Columbia University Medical Center

Top 10 Research Stories of 2014

The 10 most popular research stories on CUMC websites in 2014 include articles on hair regeneration, flu forecasting, and brain toxins in ALS

FDA-Approved Drug Restores Hair in Patients with Alopecia Areata

alopecia-areata-clinical-trial-columbiaInitial results from an ongoing clinical trial in the Department of Dermatology show that a drug approved for treatment of a blood disorder can restore hair growth in several patients with moderate-to-severe alopecia areata, an autoimmune disease that attacks hair follicles. Read the full story or watch the video.


Children with Autism Have Extra Synapses in the Brain

A neuron from the brain of young person with autism. A new study finds that young people with autism have excess synapses. Image: Guomei Tang and Mark Sonders/CUMC.

A neuron from the brain of young person with autism. A new study finds that young people with autism have excess synapses. Image: Guomei Tang and Mark Sonders/CUMC.

Children and adolescents with autism have a surplus of synapses in the brain because of a slowdown in normal synaptic “pruning” during development, P&S neuroscientists have found. Read the full story or watch the video.


Phthalates May Increase Risk of Developing Childhood Asthma

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Image: Thinkstock

Children born to mothers exposed to high levels of phthalates during pregnancy were about 75 percent more likely to develop asthma between ages 5 and 11 than children born to mothers exposed to low levels, Mailman researchers found. Read the full story.


Cocoa Flavanols Improve Memory

Cocoa flavanols—naturally occurring bioactives found in cocoa beans—reversed age-related memory decline in healthy older adults, a study from the Department of Neurology found. Read the full story.


Is Parkinson’s An Autoimmune Disease?

brain-stock-sulzer

Image: Thinkstock

P&S researchers propose that in Parkinson’s disease, neurons may be mistaken for foreign invaders and killed by the body’s own immune system. Read the full story.


It May Take Guts to Cure Diabetes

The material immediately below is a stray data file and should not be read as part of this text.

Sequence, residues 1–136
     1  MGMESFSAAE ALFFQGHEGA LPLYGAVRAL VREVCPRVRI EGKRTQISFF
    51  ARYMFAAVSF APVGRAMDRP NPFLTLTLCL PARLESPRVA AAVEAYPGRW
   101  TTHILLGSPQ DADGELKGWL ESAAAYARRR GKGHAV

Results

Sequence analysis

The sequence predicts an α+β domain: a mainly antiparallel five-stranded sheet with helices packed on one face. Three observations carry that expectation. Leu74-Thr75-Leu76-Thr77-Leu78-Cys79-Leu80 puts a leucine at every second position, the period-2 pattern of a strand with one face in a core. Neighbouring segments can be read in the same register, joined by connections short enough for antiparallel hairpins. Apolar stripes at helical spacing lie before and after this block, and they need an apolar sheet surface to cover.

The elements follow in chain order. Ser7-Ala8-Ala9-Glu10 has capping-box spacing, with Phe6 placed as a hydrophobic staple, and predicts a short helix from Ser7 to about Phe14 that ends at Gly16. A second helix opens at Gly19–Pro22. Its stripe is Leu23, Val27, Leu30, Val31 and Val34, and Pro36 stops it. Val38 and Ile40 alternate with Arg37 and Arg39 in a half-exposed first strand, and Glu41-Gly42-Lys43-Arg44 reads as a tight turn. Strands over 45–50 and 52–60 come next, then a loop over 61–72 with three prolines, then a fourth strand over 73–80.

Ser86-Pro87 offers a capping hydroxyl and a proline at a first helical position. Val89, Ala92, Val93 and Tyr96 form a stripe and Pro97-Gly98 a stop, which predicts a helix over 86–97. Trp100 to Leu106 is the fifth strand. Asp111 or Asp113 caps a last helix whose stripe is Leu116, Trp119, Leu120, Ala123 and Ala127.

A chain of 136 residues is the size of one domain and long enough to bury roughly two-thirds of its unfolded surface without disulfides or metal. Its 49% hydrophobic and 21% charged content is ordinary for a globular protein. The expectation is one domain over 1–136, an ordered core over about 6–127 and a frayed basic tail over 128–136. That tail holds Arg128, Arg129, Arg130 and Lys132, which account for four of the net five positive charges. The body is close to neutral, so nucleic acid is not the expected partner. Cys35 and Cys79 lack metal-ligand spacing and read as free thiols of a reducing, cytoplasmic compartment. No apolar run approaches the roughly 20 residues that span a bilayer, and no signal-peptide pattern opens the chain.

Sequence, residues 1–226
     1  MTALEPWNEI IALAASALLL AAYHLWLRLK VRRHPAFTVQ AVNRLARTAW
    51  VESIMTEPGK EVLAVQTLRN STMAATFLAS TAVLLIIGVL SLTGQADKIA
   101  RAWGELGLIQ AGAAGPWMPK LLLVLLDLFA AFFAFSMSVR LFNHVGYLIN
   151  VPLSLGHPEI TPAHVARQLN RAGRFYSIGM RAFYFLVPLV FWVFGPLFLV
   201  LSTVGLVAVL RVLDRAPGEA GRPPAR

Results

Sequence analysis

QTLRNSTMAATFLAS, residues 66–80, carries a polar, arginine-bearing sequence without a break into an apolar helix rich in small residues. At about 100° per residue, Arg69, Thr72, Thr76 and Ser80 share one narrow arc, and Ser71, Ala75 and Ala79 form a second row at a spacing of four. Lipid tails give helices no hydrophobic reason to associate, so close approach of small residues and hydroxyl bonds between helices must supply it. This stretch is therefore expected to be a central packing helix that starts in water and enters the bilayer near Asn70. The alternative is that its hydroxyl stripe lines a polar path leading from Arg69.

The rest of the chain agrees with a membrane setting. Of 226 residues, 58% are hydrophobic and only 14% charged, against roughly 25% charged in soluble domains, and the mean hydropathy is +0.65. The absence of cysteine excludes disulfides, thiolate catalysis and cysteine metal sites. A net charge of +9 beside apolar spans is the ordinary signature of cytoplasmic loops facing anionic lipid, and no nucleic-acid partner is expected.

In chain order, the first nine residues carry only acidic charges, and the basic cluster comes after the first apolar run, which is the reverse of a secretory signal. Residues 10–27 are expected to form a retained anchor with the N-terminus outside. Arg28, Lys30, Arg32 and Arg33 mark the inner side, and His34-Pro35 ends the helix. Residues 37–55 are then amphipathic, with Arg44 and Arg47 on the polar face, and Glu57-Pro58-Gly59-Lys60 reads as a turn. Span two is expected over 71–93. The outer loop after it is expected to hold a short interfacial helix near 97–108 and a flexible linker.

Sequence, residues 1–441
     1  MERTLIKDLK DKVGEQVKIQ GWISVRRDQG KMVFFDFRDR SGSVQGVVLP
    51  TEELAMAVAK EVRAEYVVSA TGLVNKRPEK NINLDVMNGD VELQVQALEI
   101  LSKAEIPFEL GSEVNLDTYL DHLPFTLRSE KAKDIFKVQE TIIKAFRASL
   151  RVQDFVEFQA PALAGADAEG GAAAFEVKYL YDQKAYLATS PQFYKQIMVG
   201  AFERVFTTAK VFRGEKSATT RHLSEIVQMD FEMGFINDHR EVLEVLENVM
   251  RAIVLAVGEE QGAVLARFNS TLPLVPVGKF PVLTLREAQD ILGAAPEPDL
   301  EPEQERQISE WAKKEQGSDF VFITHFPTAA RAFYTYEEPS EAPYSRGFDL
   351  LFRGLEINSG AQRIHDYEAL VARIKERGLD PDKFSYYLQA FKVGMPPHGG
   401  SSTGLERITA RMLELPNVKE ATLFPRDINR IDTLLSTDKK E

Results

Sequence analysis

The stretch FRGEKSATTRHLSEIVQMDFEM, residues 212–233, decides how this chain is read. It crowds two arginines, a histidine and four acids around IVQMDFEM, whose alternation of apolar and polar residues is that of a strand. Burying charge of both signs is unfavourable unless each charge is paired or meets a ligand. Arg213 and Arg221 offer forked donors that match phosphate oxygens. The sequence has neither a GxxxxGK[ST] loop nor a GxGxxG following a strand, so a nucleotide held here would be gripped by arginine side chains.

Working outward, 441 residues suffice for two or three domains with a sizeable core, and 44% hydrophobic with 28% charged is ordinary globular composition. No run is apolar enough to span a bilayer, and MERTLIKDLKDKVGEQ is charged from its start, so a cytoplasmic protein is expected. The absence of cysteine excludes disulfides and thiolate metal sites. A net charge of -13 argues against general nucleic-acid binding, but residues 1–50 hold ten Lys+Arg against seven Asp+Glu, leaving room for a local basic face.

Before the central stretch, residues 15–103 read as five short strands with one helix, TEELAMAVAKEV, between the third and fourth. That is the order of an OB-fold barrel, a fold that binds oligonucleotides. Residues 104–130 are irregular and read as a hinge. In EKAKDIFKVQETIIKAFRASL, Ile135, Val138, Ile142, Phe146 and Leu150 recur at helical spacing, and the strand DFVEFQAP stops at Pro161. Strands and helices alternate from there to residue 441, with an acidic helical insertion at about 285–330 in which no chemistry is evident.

Gut cells expressing insulinBerrie Center researchers converted human GI cells into insulin-producing cells in the lab, suggesting that a drug may be able to accomplish the same feat in patients with diabetes.


Toxin from Brain Cells Triggers Neuron Loss in Human ALS Model

Przedborski-featuredimage

Image: Diane Re

P&S researchers found that a toxin produced by star-shaped cells in the brain kills nearby motor neurons, in a human stem cell model of the disease. Read the full story.


Knee Cartilage Regenerated with 3-D Printed Implant

Using a 3-D printer and some growth factors, bioengineers in the College of Dental Medicine can reconstruct the meniscus—cartilage that cushions the knee joint—in sheep. Read the full story.


Longer Nurse Tenure Leads to Higher-Quality Care

Image: Christopher Furlong/Thinkstock

Image: Christopher Furlong/Thinkstock

Patients get the best care when they are treated in hospital units that are staffed by nurses who have extensive experience in their current job, according to a study from researchers at the School of Nursing and Columbia Business School.


“Flu-casters” Predict Influenza Activity City-by-City

Image: Columbia Prediction of Infectious Diseases

Image: Columbia Prediction of Infectious Diseases

Adapting techniques used in modern weather prediction, Mailman researchers created a new forecasting system to create local forecasts of the flu’s seasonal peaks in cities across the United States. The “flu-caster” recently took first place in this year’s CDC “Predict the Influenza Season Challenge.”